Solar geoengineering R&D needs better governance, says report

Sending huge mirrors into space could cool the planet Copyright: Justinfeed/Flickr

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[LIMA] Solar geoengineering could provoke international tensions, so early collaboration on its governance is needed to prevent deployment of untested technologies, says a report.

It found that reflecting sunlight back into space may be a quick and relatively cheap way of tackling global warming, but it could also have devastating side effects, such as altered weather patterns.

The report was released at the UN Climate Change Conference (COP 17) in Durban last week (1 December) by the Solar Radiation Management Governance Initiative (SRMGI).

The group, comprised of the UK’s Royal Society, the US Environmental Defense Fund and the Academy of Sciences for the Developing World (TWAS) in Italy claims it took a neutral stance on the issue but called for "nations, NGOs [non-governmental organisations] and individuals to engage in a wide-ranging dialogue to explore potential risks and benefits of solar geoengineering, and establish effective governance for research".

Geoengineering aims to manipulate the Earth’s climate system to minimise or reverse climate change effects. Potential examples include putting large mirrors into orbit to deflect the sun’s rays, or injecting aerosols into the stratosphere to the same effect.

A study published in Nature Geoscience last year found that the effects of such interventions may vary across regions, making it difficult to agree on their deployment.

John Shepherd, fellow of the Royal Society and a co-chair of SRMGI, hopes all sectors of society —  especially in the developing world — will join the debate.

"Eventually we shall need governments to get involved too, but there is a big role for citizens and NGOs  to participate in the process," he told SciDev.Net.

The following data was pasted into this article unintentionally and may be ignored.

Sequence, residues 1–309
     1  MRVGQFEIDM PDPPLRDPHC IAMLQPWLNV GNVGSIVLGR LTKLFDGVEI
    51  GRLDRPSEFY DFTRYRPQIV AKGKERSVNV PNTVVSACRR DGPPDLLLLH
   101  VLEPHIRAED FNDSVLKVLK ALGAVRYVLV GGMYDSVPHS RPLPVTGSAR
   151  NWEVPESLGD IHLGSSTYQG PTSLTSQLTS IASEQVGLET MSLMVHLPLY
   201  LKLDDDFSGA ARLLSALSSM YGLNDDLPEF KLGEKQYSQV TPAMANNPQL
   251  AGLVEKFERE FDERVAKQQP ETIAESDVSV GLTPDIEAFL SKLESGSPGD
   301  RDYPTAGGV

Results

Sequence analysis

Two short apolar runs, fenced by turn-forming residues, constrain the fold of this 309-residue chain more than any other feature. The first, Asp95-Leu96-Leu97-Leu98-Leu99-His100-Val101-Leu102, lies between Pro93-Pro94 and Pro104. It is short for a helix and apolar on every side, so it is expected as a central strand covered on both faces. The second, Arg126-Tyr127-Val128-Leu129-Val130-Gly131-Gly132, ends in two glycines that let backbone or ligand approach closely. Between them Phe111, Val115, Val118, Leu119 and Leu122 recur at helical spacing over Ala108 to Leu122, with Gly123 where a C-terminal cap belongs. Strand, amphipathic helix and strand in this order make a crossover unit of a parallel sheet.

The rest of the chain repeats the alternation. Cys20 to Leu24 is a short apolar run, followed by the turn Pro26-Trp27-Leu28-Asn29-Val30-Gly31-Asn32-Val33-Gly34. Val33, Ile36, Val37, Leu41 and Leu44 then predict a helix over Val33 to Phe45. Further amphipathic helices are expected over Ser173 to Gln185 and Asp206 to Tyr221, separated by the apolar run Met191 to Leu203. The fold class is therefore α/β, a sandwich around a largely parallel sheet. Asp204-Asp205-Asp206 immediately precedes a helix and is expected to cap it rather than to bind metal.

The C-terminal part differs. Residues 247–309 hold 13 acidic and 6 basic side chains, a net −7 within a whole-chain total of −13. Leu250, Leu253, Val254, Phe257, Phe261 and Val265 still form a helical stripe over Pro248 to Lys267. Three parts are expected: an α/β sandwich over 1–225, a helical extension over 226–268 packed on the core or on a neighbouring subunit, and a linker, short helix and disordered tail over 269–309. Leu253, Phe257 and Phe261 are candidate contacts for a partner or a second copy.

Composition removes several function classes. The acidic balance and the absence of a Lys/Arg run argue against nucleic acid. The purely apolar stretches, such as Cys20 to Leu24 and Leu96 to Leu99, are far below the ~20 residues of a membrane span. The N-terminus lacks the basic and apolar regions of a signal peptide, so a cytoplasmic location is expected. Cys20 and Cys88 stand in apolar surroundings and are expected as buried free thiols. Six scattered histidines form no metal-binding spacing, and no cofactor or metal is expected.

The report also found that there is a lack of information on these new technologies, but this may not prevent some from trying them out.

Clive Hamilton, professor of public ethics at the Centre for Applied Philosophy and Public Ethics, in Australia, said that governments of rich countries may see geoengineering "as an easy way out of their responsibility to cut greenhouse gas emissions".

Ronald Woodman, director of the Geophysical Institute of Peru, told SciDev.Net that developing countries need to focus on local issues rather than investing in geoengineering projects.

"What we need is trying to predict what will happen in our local and regional [climate change] scenarios, not globally."

In its 2009 report, the Royal Society called for further research and strict international guidelines, but stressed that it might be decades before schemes can be implemented. The UN Intergovernmental Panel on Climate Change (IPCC) is also assessing the scientific merit of various geoengineering proposals in its fifth assessment report, expected in 2014.

Link to full report